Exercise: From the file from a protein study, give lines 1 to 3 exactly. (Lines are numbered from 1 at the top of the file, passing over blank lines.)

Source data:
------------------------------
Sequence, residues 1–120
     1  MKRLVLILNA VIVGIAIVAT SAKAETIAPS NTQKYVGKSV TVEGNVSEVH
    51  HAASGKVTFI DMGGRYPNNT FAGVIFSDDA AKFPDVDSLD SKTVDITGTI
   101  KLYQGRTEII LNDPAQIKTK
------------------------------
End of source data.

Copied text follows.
Sequence, residues 1–120
     1  MKRLVLILNA VIVGIAIVAT SAKAETIAPS NTQKYVGKSV TVEGNVSEVH
    51  HAASGKVTFI DMGGRYPNNT FAGVIFSDDA AKFPDVDSLD SKTVDITGTI